Monday, January 21, 2008

Film in New Haven: Ernie Gehr's Eureka (co-written with Lisa K. Broad)

Ernie Gehr's Eureka (1974-1979), which screened in 16mm last night at Yale University's Whitney Humanity Center, constitutes a synthesis of two of the more noteworthy trends in the North American avant-garde cinema of the late 1960s: of the ontologically-inflected long-take structuralism of Michael Snow's Wavelength (1967) on the one hand, and of the rephotographed interrogation of the silent image in Ken Jacobs's Tom, Tom, the Piper's Son (1969) on the other. In Eureka, the Milwaukee-born experimental filmmaker has re-photographed a 1905 phantom-ride newsreel of San Francisco's Market Street, multiplying each frame eight times. With the picture's 16fps projection, Gehr has stretched the original five minute film into a new thirty-eight minute form.

Following in the tradition of Snow, and prefiguring the latter-day structuralist cinema of James Benning (Ten Skies and 13 Lakes, both 2004), this extended duration is comprised of a limited number of takes that will conclude at an immediately discernible juncture - in its case, when the phantom-ride reaches a skyscraper at the end of Market Street. Like Tom, Tom, the Piper's Son, Gehr's work reuses an early film source for new conceptual ends; however, unlike Jacobs's painstaking horizontal analysis which organizes a swarm of detail into set of discreet events, Eureka emphasizes the vertical flow of continually changing images. In other words, Jacobs's film explores simultaneous movement within the frame, while Gehr's privileges sequential movement between frames.

Indeed, Eureka, in greatly slowing the visceral five-minute document, has nevertheless retained the experience of the unexpected that accompanies the mobile newsreel in the urban environment. It is very much this experience of the unexpected that recommends Eureka and accounts for its aesthetic interest. Like the Benning films noted above, Eureka plays on audience distraction throughout the majority of the film's thirty-plus minutes (save for the spectators' increased intensity as the skyscraper nears) utilizing our inevitable drift and subsequent renewed focus to make what passes exceedingly slowly before our eyes exceptional and even exciting. That is, after loosing focus, we take a look at the film again and what we see is surprisingly different than our last vantage. For instance, as the intensity of the natural light source wanes, the bleached image is replaced with a more nuanced mise-en-scène that discloses the brick paving unexpectedly, relatively late in the film's run-time.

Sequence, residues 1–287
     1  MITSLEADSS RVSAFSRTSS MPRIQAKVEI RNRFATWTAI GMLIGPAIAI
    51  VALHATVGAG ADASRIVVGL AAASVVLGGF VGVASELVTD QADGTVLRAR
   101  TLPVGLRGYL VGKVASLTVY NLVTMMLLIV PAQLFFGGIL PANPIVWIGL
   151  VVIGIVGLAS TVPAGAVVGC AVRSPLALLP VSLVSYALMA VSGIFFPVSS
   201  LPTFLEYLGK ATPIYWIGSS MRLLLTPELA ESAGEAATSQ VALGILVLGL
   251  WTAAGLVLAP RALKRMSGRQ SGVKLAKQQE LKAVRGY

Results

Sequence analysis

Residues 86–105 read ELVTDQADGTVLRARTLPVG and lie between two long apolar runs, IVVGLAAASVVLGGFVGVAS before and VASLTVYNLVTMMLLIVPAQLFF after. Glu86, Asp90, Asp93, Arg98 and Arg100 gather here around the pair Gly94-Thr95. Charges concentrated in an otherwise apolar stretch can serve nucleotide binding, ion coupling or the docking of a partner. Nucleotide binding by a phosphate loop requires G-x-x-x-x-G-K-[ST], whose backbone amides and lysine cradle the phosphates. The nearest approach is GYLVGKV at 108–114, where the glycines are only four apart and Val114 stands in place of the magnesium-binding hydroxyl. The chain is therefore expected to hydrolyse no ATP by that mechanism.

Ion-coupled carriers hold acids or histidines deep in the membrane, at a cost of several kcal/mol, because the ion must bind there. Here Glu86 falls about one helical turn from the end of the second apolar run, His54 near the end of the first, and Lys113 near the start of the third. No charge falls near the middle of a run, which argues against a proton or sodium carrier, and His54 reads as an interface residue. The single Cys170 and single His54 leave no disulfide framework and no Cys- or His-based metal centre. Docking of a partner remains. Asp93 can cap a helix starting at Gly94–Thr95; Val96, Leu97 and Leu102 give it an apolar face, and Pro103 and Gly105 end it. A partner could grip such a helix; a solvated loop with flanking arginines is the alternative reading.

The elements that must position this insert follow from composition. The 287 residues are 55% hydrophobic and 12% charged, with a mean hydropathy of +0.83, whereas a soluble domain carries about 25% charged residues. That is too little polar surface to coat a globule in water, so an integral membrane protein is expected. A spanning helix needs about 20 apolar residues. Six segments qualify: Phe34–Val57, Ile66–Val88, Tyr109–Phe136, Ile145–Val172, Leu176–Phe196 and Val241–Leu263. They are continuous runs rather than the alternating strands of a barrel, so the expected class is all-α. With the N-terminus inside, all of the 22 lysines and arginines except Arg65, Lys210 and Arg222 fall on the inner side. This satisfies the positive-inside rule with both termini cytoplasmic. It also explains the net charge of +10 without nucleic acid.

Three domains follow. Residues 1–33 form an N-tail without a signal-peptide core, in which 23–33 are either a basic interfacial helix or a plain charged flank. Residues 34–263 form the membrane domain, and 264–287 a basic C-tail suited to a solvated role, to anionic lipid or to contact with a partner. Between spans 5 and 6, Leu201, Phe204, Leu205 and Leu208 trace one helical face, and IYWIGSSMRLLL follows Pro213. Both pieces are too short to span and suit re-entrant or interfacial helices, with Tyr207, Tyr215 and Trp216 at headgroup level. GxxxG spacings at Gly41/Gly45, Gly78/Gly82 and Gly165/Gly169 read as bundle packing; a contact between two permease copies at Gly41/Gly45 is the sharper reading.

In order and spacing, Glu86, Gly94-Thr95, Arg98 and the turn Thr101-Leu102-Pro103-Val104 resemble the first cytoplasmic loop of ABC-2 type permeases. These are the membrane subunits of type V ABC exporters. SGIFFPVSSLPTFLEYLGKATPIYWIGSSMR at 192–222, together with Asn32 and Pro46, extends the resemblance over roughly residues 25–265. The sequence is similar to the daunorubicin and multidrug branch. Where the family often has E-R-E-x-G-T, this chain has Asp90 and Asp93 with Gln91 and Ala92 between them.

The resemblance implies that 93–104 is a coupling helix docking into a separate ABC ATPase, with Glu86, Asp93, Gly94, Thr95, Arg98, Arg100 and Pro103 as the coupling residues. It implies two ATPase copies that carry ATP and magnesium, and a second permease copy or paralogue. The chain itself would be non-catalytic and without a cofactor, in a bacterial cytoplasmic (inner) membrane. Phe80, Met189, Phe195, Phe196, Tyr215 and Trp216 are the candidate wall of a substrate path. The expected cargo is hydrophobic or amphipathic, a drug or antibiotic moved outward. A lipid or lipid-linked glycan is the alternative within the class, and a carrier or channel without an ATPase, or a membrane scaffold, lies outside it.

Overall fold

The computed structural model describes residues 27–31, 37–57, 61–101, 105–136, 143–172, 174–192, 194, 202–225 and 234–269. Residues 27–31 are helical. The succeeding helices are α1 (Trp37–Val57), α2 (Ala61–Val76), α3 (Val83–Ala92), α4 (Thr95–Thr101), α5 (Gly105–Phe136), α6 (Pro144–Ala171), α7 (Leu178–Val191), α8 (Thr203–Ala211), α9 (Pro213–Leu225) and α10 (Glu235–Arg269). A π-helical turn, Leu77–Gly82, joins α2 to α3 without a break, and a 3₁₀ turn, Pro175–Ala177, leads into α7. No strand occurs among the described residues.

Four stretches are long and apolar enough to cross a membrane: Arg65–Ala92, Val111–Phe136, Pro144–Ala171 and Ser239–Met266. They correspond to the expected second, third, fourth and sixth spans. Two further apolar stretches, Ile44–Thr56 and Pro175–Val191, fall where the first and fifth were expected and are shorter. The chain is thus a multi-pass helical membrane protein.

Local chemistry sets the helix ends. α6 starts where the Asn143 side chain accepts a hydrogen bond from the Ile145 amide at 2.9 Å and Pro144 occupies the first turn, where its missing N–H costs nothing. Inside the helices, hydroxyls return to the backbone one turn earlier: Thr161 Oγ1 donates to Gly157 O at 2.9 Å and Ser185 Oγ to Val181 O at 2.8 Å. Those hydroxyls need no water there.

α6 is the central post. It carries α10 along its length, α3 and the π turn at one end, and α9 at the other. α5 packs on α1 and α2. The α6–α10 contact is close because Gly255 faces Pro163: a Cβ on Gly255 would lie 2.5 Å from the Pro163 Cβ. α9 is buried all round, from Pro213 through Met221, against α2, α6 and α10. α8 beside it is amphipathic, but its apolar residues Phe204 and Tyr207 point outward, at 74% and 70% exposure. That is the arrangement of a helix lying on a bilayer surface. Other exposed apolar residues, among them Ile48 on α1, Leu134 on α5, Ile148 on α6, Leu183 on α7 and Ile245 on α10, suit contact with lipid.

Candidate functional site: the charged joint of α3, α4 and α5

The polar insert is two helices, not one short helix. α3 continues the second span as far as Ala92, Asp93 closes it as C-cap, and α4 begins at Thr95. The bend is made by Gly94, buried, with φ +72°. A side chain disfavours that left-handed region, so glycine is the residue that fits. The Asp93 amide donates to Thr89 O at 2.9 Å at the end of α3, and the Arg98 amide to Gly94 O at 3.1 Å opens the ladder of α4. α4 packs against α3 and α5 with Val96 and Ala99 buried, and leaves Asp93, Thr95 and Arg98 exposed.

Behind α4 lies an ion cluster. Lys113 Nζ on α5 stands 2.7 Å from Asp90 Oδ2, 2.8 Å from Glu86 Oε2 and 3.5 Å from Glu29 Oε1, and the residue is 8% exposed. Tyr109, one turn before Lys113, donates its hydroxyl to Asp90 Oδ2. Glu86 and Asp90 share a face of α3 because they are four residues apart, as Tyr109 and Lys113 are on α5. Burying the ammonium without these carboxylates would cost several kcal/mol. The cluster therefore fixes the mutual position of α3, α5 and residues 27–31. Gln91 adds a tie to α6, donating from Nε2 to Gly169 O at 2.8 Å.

However, it is often less the effects of light and shadow on the original picture's high contrast stock than it is the effects procured by the slowed motion that secures the picture's substantial aesthetic interest. In particular, with automobiles and streetcars passing surprisingly close to the image, we are not only made to experience the breathtaking pace of turn-of-the-century urban life as is undoubtedly manifest in the original, but are also forced to consider precisely where the camera is located vis-à-vis the oncoming traffic. That is, with cars seemingly breaching the space of the appartus, the (focal) distance between the camera and the world depicted is underlined. We are made re-aware of the camera's location in space and of the world that we never get in reverse.

Eureka yields infinitely more information than is at first clear. With the camera moving slowly forward, stretching out the image's frontal spatial field, pools of light and new corners of interest open themselves up with each successive frame. What we have is a cinematic Zeno's paradox, where the sense of of expanding space seems to cancel our movement toward the distant terminus, while a hightened awarness of the still frame brings the medium's fundamental stasis is back into view.

Further works by Ernie Gehr, curated by Richard Suchenski, will be screened at Yale University's 212 York St. facility on February 6th at 7:00 PM. The series will include Serene Velocity (1970, 16mm, 23 min.) Untitled (1977, 16mm, 4 min.) Signal - Germany on the Air (1982-1985, 16mm, 35 min.) Side/Walk/Shuttle (1991, 16mm, 41 min.) and Passage (2003, 16mm, 15 min). The total running time for the five films is 118 minutes.

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